There will also be sections of the game where the developers hamstring you, taking away key powers—filling your IRL rage meter—only to give them back shortly thereafter so you can obliterate a room full of enemies. And of course, it being an RPG, there are attacks to level up and new powers to acquire along the way. Desourteaux's favorites weren't on display in the demo, but they sound just as cathartic as those that were. One will freeze time, locking enemies in place, giving you the opportunity to shred them apart as you wish. Another acts like a vortex and sucks adversaries toward you so you can go into a Wolverine-like berserker attack. Brutal. 

Earthblood isn't exclusively aggro, though. The demo's second section took place in a hub area near the game's opening, set in a peaceful forest outside of Seattle. Here, wild animals like deer roam about freely and it's where you'll plan your next moves with your pack. After making his way down craggy paths and through the glade, Desourteaux came upon a precipice overlooking a chasm, and beyond that bulldozers, other construction equipment, and a dam. 

(Image credit: Big Ben)

"We want you to see the beautiful nature," Desourteaux said. "Then you go to Nevada and it's all about nature suffering." To his left, a bear (massive compared to Cahal's human form) overlooked the destruction beyond, while a wolf slept lazily off to the right. Unfortunately you won't be able to pet any of the animals, even as a human. Instead, Cyanide's goal is to allow you to let you talk to the animals' spirit forms. And seemingly in a nod to Legend of Zelda: Ocarina of Time, you can even talk to and walk inside a towering tree. It'll give you new missions, and serve as a space to unlock new skills and upgrade existing ones.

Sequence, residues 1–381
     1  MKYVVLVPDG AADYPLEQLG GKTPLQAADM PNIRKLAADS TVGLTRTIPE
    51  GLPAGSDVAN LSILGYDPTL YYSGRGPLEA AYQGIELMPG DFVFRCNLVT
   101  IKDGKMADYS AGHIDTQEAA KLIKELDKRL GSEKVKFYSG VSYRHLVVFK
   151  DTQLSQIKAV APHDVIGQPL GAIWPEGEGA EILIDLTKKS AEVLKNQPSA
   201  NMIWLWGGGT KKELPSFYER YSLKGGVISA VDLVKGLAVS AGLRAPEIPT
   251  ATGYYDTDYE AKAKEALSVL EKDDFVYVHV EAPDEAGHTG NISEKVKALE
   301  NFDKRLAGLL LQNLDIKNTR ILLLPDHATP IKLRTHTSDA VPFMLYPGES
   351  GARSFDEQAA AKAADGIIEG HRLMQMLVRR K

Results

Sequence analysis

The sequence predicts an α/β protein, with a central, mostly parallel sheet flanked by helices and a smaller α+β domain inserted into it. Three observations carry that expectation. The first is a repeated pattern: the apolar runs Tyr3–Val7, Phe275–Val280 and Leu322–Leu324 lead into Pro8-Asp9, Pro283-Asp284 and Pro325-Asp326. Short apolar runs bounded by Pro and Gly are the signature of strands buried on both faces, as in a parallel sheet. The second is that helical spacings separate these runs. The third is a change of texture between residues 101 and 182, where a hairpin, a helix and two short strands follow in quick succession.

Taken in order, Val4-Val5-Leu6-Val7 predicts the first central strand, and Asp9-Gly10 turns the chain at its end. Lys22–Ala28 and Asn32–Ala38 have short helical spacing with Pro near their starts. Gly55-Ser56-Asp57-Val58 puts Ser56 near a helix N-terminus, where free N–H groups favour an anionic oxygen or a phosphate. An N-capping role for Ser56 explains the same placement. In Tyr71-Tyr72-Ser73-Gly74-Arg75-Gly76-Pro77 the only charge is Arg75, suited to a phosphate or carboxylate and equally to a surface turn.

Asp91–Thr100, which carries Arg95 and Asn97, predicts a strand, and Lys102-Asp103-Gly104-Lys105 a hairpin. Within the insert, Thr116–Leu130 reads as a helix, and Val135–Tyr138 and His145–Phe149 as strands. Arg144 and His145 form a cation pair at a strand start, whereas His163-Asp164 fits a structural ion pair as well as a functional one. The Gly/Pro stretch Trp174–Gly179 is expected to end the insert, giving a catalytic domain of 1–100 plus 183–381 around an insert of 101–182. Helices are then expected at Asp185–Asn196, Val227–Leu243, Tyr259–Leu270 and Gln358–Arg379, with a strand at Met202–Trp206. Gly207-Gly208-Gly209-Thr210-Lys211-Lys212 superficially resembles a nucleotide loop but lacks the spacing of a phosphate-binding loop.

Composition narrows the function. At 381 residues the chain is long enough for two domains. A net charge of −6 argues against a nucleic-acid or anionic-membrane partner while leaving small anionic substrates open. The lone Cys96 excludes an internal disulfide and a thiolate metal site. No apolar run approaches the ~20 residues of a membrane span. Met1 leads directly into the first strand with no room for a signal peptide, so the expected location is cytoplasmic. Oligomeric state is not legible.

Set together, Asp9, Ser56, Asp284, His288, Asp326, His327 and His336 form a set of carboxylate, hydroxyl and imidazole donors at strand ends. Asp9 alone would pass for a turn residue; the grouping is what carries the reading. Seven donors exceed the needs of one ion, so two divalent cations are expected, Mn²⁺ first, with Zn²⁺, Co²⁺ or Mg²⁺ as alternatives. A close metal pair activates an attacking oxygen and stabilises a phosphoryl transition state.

Given that the game shares a universe with Vampire: The Masquerade—Bloodlines, you might expect some crossover characters and Easter eggs for fans. If they exist, Cyanide is keeping coy. 

"Maybe," Desourteaux teased.

Even in this early state, the game looked great stretched across a huge 4K display. The demo was a pre-alpha build and had a few rough edges, like a camera that misbehaved during close-up attacks in combat, and animations that aren't quite final, but it was running at a locked 62 FPS according to Desourteaux, via a GeForce RTX 2080Ti. With that card, Desourteaux said the game can run with an unlocked framerate in the 100s, but will dip into the 70s, hence locking it for the demo. 

What I'm most intrigued by is the way Cyanide is balancing the internal push-pull struggle between giving into bloodlust and keeping your rage in check. Especially since it extends well beyond combat scenarios and seems to be the game's defining gimmick. That it's apparently not a shallow morality system where you're arbitrarily choosing between being the good guy and the bad leaves a lot of room for you to fill in the gray areas as you see fit. 

I always loved hitting the Renegade interrupt during dialog scenes in the Mass Effect series and seeing what would happen. Sometimes it was throwing someone through a plate glass window. Others it was committing cold-blooded murder with a bullet to the head. Knowing that I can act out however I want in Earthblood and rip someone's face off once a conversation goes south has me giddy.